1. Provincial Attestation Letter and National Cap on International Students

  • Selective Entry: The requirement for a Provincial Attestation Letter (PAL) and the introduction of a national cap could lead to a more selective process for international students, potentially favoring those who plan to study in programs or provinces with higher demand or strategic importance. This selective entry could influence the pool of candidates eligible for PR, skewing it towards those who can secure a spot under the cap.

  • Provincial Alignment: Since provinces are involved in issuing PALs, students might align their education with provincial labor market needs, which could benefit them when applying for PR, especially through Provincial Nominee Programs (PNPs) that favor graduates who fill specific labor shortages.

2. Extended PGWP for Master's Degree Graduates

  • Enhanced Work Experience: The extension of the PGWP to 3 years for master's degree graduates, even for programs shorter than 2 years, provides these individuals with a significant advantage in gaining Canadian work experience. This experience is crucial for PR applications, especially under the Canadian Experience Class (CEC) within the Express Entry system.

  • Attracting Talent: By facilitating a longer period for gaining work experience, Canada aims to retain highly educated individuals who are deemed likely to contribute positively to the Canadian economy and society. This could lead to a higher success rate for PR applications among this group.

3. PGWP Eligibility for Public-Private Partnership College Programs

  • Quality Assurance: Restricting PGWP eligibility to graduates from public institutions or approved public-private partnership programs ensures that candidates for PR have received a quality education that equips them with skills valued in the Canadian labor market. This could indirectly raise the standard of applicants transitioning from a study permit to permanent residency.

  • Impact on Pathways: The restriction might deter international students from enrolling in programs that do not lead to PGWP eligibility, affecting the volume and type of students who transition to PR via education pathways.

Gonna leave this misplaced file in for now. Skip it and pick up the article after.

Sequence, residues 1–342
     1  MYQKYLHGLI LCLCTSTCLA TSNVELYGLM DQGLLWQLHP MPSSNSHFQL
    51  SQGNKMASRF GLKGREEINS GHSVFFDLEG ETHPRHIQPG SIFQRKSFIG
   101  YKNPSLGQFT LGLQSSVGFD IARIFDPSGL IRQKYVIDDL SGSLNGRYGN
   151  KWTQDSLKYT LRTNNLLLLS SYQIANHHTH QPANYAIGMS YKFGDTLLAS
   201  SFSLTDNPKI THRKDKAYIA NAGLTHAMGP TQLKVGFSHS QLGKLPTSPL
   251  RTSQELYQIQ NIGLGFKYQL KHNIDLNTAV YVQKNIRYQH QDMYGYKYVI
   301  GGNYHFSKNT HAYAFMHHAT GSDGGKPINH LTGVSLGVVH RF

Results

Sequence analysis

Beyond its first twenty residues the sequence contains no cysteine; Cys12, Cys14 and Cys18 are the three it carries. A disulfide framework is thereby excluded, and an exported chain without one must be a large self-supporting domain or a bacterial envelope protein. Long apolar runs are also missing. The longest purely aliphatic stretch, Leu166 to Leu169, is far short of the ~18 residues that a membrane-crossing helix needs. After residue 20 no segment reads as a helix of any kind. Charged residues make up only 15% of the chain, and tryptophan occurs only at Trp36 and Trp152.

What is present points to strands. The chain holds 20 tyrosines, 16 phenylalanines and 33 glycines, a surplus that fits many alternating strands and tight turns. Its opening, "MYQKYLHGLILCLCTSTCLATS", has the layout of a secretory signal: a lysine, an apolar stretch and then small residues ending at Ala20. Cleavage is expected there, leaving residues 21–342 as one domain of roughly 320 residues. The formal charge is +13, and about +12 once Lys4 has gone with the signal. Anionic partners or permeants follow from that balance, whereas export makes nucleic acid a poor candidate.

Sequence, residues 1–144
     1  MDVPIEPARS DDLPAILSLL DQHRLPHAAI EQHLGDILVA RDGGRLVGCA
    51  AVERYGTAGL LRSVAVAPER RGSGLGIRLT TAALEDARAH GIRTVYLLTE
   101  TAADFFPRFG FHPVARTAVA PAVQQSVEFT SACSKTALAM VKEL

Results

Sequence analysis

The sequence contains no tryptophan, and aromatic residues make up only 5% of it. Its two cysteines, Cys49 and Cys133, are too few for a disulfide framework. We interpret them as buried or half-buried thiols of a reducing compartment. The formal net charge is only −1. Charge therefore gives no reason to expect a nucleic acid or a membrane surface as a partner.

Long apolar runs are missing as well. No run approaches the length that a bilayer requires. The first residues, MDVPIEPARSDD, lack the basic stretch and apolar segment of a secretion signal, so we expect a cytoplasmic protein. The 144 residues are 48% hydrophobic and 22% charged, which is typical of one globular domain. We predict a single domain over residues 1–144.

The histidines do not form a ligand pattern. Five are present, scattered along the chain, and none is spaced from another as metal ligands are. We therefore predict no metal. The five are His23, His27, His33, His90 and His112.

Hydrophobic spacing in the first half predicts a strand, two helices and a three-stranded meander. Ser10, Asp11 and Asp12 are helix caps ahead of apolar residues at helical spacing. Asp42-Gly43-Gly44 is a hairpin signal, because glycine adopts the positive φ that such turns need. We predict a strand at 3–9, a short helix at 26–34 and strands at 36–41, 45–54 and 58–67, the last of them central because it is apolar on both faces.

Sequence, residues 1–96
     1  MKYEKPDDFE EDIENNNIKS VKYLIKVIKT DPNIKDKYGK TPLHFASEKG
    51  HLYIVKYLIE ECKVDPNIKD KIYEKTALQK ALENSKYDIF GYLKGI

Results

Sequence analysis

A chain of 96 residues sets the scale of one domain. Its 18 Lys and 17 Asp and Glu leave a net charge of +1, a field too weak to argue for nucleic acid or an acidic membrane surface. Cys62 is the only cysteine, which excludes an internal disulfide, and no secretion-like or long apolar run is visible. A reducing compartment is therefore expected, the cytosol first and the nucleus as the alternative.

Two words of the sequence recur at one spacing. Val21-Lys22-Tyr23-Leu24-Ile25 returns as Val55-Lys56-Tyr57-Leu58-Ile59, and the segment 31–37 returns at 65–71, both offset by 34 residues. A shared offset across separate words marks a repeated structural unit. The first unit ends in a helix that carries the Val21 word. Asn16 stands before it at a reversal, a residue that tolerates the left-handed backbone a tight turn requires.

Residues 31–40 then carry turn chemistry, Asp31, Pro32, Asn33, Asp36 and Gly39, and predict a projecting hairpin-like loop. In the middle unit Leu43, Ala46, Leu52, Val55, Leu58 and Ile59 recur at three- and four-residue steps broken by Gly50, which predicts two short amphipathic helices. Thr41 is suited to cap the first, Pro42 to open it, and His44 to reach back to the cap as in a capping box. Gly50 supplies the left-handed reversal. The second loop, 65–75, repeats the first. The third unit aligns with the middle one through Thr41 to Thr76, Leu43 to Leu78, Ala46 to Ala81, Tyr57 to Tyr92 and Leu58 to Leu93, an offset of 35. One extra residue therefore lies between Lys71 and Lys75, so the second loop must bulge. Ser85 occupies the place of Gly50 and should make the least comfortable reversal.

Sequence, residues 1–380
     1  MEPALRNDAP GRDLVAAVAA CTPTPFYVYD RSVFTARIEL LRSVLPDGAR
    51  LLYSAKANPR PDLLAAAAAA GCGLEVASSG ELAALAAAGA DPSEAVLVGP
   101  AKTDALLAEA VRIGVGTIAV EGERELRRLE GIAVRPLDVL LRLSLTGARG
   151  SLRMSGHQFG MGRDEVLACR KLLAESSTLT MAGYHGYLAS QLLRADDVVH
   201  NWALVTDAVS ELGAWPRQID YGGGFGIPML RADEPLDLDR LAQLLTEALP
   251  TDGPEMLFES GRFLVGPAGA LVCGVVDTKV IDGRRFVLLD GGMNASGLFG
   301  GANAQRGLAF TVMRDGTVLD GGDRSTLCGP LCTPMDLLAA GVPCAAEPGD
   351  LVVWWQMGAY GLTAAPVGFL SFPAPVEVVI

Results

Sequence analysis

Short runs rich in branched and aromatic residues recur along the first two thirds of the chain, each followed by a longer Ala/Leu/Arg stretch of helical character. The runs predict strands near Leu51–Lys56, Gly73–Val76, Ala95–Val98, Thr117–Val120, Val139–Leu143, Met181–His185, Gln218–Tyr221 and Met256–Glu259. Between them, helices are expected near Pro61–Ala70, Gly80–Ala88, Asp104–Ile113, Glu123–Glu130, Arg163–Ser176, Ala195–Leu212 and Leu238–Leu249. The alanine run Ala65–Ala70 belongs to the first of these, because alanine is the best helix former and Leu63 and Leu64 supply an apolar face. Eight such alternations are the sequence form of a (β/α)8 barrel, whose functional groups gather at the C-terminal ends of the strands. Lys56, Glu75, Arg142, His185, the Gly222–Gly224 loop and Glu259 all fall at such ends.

4. Changes to Open Work Permit Eligibility for Spouses

  • Family Support: Limiting open work permits to spouses and common-law partners of graduate and professional degree students could impact the support system of international students in Canada. Since family support can be crucial for the success and well-being of students, this change might influence the decisions of potential students and, subsequently, the pool of candidates transitioning to PR.

  • Financial Stability: For families where the spouse or partner can work, this financial stability can play a significant role in the student's ability to complete their studies and transition to the workforce, ultimately affecting their PR journey.

Overall Impact on Permanent Residency Journey

These changes collectively represent Canada's effort to streamline the process by which international students transition to the Canadian workforce and potentially to permanent residency. By emphasizing quality education, aligning with labor market needs, and ensuring that international students and their families are supported during their studies, Canada is refining its approach to attract and retain talent.

However, these changes also introduce new challenges and considerations for international students planning their education and career paths in Canada, especially for those looking at long-term goals like permanent residency. International students must now navigate these updated requirements and strategically plan their education and work experience in Canada to align with both their career goals and the evolving landscape of Canadian immigration policies.